Skip to main content

Mia Farrow: Don't let Syria's children die

By Mia Farrow, Special to CNN
June 5, 2013 -- Updated 1149 GMT (1949 HKT)
UNICEF Goodwill Ambassador Mia Farrow met with Syrian refugees in January 2013.
UNICEF Goodwill Ambassador Mia Farrow met with Syrian refugees in January 2013.
STORY HIGHLIGHTS
  • Mia Farrow: Three years into Syria's civil war, more than 80,000 people have died
  • Farrow: In this humanitarian catastrophe, women and children are hit hard especially
  • She says UNICEF worries that Syrian children could die from preventable diseases
  • Farrow: Until a political solution can be found, we must help Syria's most vulnerable victims

Editor's note: Actress Mia Farrow has traveled extensively as an ambassador for UNICEF, including trips to Angola, Cameroon, Chad, Central African Republic, the Democratic Republic of Congo, Haiti, South Sudan and Uganda. She has been active in the organization for more than 12 years. Farrow starred in the film "Rosemary's Baby" and has appeared in many other films, including "The Great Gatsby," "Death on the Nile" and "Hannah and Her Sisters."

(CNN) -- As most of us are agonizingly aware, Syria's bloody conflict has entered a third year.

Graphic videos and reports of civilians being subjected to aerial bombardments, executions, torture, rape, massacres -- atrocities of the worst kind -- have horrified the world and caused much handwringing in many languages and in high places where everyone agrees the situation in Syria is complicated.

Everyday realities on the ground, however, are completely clear: Homes, hospitals, schools, shops, entire water systems and whole sections of ancient cities have been bombed and reduced to rubble. More than 80,000 Syrians, including thousands of children, have perished.

At least 4.25 million civilians inside Syria have sought refuge in caves, ruins or in abandoned schools.

Another million and a half have fled into neighboring countries -- Jordan, Lebanon, Iraq, Turkey and Egypt -- where they are stressing scarce resources.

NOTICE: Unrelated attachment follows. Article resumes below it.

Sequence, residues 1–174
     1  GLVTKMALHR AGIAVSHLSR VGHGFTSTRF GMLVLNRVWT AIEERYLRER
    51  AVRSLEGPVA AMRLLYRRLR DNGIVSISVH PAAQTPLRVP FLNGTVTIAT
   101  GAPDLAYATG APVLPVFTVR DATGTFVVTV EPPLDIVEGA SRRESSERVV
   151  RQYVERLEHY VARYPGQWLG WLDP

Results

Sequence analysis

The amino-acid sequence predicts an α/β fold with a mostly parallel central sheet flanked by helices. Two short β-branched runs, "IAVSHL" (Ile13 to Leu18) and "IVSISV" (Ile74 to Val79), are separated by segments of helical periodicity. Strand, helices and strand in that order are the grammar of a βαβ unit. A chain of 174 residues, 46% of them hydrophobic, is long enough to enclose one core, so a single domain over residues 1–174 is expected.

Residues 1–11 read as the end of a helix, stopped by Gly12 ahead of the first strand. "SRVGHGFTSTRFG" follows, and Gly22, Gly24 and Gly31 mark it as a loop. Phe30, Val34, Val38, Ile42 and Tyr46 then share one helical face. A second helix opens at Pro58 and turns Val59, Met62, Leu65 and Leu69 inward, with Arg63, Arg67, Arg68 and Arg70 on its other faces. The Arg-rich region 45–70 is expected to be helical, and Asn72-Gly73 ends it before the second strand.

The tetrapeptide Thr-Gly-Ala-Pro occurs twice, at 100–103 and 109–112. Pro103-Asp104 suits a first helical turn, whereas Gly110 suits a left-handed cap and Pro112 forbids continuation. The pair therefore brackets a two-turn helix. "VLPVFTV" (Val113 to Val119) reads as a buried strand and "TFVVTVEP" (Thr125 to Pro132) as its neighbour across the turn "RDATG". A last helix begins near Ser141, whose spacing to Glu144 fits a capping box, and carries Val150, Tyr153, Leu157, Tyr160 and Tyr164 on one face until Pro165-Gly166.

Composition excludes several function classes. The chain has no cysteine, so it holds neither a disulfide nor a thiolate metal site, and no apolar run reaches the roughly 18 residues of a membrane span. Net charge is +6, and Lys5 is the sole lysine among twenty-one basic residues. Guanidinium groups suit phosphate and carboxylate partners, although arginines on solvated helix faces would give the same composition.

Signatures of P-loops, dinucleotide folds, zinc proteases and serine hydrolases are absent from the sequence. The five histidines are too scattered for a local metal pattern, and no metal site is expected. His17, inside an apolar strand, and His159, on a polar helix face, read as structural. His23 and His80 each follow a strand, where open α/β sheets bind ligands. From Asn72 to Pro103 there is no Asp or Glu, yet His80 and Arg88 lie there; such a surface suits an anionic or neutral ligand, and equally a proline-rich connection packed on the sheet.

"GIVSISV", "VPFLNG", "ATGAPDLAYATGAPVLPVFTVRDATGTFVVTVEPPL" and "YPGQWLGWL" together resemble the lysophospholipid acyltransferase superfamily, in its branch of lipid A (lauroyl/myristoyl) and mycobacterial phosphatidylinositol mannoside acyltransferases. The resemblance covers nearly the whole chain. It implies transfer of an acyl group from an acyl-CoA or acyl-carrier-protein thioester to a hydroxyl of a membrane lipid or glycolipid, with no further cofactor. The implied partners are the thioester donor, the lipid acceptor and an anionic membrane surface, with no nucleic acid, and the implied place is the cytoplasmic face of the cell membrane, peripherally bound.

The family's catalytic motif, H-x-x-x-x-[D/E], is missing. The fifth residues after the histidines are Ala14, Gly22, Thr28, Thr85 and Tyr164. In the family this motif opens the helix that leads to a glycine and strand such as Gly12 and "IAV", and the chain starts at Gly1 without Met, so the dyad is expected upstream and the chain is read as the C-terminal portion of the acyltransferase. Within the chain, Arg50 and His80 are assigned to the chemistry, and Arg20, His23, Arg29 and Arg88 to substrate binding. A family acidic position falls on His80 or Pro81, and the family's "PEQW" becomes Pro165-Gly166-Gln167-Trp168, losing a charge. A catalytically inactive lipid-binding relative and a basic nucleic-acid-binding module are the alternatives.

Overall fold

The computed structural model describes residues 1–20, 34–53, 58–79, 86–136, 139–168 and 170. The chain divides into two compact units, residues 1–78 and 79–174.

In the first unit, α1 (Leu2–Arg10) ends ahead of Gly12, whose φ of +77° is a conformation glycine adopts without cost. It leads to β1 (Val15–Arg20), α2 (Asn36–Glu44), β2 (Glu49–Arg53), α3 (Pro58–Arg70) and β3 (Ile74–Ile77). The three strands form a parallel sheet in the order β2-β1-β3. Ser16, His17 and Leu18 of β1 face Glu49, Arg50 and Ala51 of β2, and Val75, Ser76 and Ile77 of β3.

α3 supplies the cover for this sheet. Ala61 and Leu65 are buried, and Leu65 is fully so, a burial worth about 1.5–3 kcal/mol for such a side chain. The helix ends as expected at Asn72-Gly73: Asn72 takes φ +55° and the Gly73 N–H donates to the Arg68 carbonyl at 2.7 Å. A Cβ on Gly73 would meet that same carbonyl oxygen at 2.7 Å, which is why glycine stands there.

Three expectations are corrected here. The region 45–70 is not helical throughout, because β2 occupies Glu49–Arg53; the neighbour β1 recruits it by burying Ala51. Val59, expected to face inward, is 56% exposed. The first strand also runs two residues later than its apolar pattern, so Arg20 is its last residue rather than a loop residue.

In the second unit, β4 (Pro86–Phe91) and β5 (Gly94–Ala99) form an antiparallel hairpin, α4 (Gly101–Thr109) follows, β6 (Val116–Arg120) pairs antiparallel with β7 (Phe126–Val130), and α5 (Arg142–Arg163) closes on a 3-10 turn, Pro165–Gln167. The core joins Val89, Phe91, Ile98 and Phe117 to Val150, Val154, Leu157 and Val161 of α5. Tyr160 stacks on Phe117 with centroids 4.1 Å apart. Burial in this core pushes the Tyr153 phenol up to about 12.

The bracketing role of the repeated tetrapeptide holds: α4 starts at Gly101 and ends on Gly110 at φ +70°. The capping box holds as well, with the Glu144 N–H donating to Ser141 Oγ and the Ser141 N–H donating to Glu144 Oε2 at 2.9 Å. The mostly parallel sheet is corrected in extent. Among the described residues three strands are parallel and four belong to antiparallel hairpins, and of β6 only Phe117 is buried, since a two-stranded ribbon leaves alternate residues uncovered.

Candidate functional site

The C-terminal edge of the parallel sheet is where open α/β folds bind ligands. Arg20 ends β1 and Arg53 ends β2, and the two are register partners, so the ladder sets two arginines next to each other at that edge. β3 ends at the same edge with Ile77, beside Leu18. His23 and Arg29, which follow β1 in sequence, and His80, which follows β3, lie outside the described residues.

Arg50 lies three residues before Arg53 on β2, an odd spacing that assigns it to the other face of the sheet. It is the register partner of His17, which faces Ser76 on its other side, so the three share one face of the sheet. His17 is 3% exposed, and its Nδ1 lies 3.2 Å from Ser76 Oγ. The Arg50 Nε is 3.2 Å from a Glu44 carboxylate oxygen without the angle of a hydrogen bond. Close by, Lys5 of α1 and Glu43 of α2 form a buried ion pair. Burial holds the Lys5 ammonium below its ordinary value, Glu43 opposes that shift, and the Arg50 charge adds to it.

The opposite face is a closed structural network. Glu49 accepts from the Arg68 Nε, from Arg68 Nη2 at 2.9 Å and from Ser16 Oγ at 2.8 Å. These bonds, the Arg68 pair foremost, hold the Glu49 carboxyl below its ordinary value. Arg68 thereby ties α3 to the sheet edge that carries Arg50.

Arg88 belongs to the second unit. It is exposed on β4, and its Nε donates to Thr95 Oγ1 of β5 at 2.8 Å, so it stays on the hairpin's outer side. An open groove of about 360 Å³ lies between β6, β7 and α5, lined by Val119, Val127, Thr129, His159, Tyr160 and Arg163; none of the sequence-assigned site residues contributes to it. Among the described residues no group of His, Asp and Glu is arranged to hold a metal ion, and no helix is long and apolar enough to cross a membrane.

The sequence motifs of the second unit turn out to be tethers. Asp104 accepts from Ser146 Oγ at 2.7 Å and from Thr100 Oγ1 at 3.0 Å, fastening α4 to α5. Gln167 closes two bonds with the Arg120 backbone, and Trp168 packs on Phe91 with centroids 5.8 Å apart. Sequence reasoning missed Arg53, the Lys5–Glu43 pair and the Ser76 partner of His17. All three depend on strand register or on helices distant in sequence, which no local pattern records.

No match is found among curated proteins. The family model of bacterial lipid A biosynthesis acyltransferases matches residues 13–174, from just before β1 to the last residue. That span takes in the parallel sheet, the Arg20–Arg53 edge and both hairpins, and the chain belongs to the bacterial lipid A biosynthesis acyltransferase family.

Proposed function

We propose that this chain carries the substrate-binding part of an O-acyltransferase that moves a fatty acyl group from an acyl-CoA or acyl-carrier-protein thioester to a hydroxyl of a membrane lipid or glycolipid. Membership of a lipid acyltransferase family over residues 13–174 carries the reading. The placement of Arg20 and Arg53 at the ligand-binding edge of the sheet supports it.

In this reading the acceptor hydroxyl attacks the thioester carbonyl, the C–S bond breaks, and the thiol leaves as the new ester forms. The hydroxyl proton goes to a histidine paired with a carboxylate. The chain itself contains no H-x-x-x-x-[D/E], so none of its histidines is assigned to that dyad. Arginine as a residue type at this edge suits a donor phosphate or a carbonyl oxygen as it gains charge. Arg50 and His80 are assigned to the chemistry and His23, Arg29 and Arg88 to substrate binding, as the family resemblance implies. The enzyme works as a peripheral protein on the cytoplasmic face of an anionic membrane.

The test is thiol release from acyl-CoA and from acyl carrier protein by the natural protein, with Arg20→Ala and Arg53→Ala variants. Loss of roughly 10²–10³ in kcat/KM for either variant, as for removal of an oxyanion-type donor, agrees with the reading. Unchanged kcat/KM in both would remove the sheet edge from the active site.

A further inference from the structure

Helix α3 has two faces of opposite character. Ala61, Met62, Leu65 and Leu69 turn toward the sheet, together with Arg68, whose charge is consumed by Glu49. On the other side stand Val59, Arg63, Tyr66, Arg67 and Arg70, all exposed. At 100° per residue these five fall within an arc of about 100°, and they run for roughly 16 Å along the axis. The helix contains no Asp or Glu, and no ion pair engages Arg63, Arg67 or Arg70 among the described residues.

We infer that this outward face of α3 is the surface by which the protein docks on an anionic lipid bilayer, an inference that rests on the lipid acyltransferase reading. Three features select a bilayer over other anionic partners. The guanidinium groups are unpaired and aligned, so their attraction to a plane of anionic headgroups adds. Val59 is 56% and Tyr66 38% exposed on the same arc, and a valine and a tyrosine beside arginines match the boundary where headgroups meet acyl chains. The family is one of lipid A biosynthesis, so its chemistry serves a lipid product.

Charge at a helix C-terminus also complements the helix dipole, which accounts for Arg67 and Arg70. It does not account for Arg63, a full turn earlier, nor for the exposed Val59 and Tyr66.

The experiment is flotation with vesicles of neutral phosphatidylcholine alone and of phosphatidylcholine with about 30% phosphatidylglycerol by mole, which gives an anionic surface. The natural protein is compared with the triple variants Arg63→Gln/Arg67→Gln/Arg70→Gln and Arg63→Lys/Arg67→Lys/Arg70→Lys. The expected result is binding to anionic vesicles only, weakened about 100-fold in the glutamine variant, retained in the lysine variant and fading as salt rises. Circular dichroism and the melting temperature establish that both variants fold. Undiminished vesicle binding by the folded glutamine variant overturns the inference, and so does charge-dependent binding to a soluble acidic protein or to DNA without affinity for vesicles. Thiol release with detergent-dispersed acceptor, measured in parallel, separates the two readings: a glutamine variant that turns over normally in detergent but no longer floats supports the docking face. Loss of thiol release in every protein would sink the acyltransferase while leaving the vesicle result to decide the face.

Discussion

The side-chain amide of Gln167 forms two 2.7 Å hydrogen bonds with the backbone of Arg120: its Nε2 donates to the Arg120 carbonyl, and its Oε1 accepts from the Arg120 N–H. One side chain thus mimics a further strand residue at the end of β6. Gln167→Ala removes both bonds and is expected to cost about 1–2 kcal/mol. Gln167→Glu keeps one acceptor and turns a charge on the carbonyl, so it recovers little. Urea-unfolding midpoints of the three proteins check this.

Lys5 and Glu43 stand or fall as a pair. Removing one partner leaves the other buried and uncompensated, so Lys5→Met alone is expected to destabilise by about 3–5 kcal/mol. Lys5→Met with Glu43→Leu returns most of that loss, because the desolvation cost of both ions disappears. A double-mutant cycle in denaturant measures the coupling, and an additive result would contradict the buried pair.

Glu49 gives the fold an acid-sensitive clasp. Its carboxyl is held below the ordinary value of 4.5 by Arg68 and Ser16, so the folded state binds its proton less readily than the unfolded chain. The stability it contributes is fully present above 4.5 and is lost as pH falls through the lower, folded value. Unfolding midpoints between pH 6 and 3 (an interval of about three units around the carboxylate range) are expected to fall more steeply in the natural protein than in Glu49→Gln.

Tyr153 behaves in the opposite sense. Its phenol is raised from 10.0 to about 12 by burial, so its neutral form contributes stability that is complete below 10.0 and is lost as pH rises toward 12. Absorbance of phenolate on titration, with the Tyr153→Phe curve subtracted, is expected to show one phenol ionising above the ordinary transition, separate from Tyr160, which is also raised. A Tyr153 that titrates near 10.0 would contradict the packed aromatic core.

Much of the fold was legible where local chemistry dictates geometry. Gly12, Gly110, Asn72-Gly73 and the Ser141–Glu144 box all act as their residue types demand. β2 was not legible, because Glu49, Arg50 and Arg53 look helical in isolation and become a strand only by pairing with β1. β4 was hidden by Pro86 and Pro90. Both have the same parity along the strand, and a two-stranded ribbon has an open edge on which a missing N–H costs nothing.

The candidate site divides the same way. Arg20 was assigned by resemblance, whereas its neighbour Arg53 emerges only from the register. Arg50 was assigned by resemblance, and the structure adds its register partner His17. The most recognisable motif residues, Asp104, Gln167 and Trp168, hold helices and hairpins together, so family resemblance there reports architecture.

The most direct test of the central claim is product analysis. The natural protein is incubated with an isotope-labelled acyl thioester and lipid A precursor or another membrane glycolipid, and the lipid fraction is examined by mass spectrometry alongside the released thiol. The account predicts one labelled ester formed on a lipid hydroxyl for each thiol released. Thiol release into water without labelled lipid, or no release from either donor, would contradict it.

It cannot be said that they are welcome guests. Their numbers and varied ethnicities threaten to further destabilize an unsteady region. But they keep coming.

U.N.: War crimes happen daily in Syria
Growing concern for besieged Syrian city

In January, I traveled with UNICEF to visit with refugee families along Lebanon's restive borders with Syria.

Snow covered the hills. People had managed to cobble together pieces of billboards, boxes and fabrics that shuddered against frigid winds.

Ragged, tangle haired children stared.

Many had arrived in Lebanon during the summer, and so they were without coats and shoes. They had fled with their lives and little else.

Mahmoud, an angel-faced but unsmiling 7-year-old, described his journey from Homs into Lebanon. His father and brother had been killed. His home and school were bombed. The sky, he said, was "filled with fire." People scattered.

With two other families, the boy and his mother made their way through a dark, tense night, darting then stopping to avoid being detected by military, praying not to be shot or to tread on a land mine. The explosive devices, Mahmoud explained, have a red spot on them, and they are planted all along the Syrian side of the border.

The women spoke of their lost husbands, brothers, sons; of homes, careers and ways of life lost, too. Some women had been raped. "We are traumatized," they told me.

Halima, who had been a practicing lawyer in Syria said, "We don't want to be here. We don't want handouts. There is no dignity for us. We hope the fighting will end so that we can go home. We only want peace."